Excellence in undergraduate and graduate education in wildlife ecology since 1935.The University of Maine’s close proximity to a diverse array of ecosystems and wildlife provides an outstanding setting for our wildlife ecology program, and the many other programs in ecology, biology, and natural resources in the College of Earth, Life, and Health Sciences provide a diverse array of courses for wildlife ecology majors, and opportunities to engage with faculty-lead research.

Wildlife In the News

See what faculty, students, staff, and alums are up to

Roth discusses wildlife with Windham Eagle

November 22, 2023 – UMaine News
The Windham Eagle interviewed Amber Roth, University of Maine associate professor of forest wildlife management, about humans cohabitating with various animals, including bears and opossums. “There is not much to worry about with an opossum,” she said.

‘Our Maine’ explores human impact on state’s wild places (Calhoun/Hunter ’74)

October 23, 2023 – Ellsworth American
SOUTHWEST HARBOR — Editors and a photographer teamed up to create “Our Maine: Exploring Its Rich Natural Heritage,” a book of essays by 33 contributors that paints a vivid portrait of Maine’s wild places and wild creatures, as well as of human impacts and the way the state’s heritage has changed.

Announcing our interim executive director (Gardner [Huebner] ’10)

August 25, 2023 – Sageland Collaborative
We’re excited to announce our new Interim Executive Director: Janice Gardner! Gardner has been a Conservation Ecologist at Sageland Collaborative for over five years, leading with both a deep passion for wildlife and a marked ability to achieve large-scale conservation impacts.

Steve Walker (’93) named Land for Maine’s Future director

June 17, 2023
AUGUSTA — Department of Agriculture, Conservation and Forestry Commissioner Amanda Beal has announced that Steve Walker will be joining the department as director of Land for Maine’s Future.

The trees don’t care about us (Charney)

May 30,2023 – The Atlantic, by Alexandra Horowitz
Two new books scrutinize the natural world, and not for what it might offer us.
Silent observers of our lives, trees are on most peoples’ radar only at moments of transition or death: We mark springtime’s budding and autumn’s flamboyance, note somberly the tree felled by a storm or by the tiny, ravenous ash borer. Although emblematic of nature, they nevertheless are seen with the goggles of our human-centered vision, and thus barely seen at all.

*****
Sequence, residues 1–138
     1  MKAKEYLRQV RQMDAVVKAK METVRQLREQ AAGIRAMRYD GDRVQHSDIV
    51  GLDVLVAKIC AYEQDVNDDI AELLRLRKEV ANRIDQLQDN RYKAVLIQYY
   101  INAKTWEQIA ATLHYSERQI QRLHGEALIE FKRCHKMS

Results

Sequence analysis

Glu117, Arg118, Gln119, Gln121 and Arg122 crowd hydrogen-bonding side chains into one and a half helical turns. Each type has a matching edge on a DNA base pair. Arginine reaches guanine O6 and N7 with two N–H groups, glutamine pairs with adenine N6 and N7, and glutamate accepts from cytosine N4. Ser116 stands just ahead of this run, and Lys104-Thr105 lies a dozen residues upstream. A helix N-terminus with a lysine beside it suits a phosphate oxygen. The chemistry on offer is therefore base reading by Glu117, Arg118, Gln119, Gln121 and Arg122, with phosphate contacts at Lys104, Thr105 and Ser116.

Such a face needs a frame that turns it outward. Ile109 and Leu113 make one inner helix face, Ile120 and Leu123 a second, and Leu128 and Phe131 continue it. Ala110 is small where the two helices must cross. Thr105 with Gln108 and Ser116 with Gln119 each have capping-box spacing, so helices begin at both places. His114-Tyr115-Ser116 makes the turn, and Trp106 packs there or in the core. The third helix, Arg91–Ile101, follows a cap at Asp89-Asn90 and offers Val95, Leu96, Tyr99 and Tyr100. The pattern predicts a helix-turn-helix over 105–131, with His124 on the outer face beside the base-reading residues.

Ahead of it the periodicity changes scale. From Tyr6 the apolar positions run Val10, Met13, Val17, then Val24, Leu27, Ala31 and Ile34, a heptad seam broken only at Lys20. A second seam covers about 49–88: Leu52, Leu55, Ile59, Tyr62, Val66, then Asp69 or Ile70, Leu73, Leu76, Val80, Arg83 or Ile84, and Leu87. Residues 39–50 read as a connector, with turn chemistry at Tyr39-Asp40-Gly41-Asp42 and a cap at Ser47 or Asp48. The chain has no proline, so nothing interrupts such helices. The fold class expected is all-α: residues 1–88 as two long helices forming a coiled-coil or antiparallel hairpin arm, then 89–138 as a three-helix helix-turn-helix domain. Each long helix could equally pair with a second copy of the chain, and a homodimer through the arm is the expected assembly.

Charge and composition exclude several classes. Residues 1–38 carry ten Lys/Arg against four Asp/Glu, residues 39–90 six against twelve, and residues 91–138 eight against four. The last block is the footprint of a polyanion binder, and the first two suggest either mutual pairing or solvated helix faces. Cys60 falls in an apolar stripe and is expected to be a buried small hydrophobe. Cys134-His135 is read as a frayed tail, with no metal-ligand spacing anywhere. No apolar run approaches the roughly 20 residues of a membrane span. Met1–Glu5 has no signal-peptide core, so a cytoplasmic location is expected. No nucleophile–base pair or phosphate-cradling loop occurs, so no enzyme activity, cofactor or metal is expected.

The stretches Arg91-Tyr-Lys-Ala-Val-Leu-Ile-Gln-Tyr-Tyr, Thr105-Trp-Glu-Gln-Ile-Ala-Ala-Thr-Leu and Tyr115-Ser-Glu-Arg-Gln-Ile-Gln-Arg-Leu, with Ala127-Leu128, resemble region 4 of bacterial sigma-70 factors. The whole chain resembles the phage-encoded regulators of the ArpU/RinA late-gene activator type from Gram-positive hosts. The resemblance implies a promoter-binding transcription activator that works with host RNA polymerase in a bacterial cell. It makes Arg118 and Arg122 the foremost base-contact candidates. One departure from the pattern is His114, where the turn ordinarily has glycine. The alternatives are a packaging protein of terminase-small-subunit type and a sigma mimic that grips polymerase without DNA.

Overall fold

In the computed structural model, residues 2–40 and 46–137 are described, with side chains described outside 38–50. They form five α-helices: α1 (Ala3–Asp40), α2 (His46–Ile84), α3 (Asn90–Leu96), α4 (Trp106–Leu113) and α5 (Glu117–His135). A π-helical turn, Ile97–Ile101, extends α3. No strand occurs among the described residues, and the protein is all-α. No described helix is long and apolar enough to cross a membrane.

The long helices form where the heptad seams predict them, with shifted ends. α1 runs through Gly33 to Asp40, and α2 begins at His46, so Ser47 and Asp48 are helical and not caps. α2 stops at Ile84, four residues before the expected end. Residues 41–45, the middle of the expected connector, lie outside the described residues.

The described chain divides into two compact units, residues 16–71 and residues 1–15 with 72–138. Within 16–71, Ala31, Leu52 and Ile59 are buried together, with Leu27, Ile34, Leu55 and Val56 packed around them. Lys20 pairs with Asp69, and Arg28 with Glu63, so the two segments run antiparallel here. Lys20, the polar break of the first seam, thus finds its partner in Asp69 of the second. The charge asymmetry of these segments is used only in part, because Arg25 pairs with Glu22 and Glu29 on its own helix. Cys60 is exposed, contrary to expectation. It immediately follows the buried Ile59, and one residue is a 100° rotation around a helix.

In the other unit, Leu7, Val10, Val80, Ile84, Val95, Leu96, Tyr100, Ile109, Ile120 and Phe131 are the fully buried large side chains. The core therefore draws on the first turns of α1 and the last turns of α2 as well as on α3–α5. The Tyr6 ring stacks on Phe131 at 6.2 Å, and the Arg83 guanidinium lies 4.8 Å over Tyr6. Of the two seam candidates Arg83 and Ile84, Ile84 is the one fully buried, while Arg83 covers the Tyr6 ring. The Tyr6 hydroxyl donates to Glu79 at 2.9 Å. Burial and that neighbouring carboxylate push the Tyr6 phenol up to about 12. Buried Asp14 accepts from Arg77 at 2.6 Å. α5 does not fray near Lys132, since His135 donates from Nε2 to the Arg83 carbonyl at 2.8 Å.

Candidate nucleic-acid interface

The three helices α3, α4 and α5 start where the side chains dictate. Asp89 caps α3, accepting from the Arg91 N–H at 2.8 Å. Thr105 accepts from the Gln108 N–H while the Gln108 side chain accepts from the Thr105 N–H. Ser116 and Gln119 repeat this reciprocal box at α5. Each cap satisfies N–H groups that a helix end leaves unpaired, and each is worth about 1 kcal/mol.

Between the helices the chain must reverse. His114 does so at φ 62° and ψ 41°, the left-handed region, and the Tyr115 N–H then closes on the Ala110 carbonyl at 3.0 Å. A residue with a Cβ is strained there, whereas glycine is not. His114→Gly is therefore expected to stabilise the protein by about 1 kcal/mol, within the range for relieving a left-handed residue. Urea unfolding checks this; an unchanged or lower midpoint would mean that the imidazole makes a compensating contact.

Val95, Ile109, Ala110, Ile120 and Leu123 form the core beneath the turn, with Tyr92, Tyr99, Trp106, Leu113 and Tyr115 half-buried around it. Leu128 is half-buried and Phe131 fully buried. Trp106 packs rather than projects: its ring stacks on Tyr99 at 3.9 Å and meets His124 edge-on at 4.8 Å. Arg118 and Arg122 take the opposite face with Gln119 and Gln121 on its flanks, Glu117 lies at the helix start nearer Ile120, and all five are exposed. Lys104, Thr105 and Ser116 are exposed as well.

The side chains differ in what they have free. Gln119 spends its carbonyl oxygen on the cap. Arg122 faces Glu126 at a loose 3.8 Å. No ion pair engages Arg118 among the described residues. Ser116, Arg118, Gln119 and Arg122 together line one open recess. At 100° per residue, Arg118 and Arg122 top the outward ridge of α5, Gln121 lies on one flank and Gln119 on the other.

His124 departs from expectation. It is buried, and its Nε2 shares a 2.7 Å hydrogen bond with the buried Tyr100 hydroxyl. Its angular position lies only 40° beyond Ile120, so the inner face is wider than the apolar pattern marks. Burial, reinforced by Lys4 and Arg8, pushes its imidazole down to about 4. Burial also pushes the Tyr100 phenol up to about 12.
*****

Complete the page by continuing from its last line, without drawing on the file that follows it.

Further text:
Bangor students see things from a salmon’s eye view (Dillingham)

May 2, 2023 – Maine Audubon, by Melissa Gallagher
Through recent outdoor learning and hands-on activities, students at the Fairmount School in Bangor are deepening their understanding of watersheds thanks to Maine Audubon’s “River in my Backyard” after-school program.

Downeast Audubon talk April 12 (Berigan/Filiberti)

Apr 3, 2023 – Ellsworth American
ELLSWORTH — Downeast Audubon is hosting a talk titled “Migratory Marvels: Understanding Woodcock and Golden-winged Warbler Migration” on Wednesday, April 12, at 7 p.m. at the Moore Community Center in Ellsworth.

Liam Berigan and Emily Filiberti are researchers at the University of Maine studying bird migration using remote tracking technology. Berigan will give an introduction to the biology and life history of the American woodcock and discuss his ongoing research on their migration patterns.  Filiberti will speak about her two-year-long tracking and monitoring of the golden-winged warbler, a species facing acute population decline.

The audience will be walked through the process of tagging and tracking these elusive birds, how the Motus network is playing a pivotal role in understanding migratory pathways, and how this work will ultimately help to inform future management decisions for these species.

Check out other news articles about research being conducted by students and faculty – here!

Check out news about alums – here!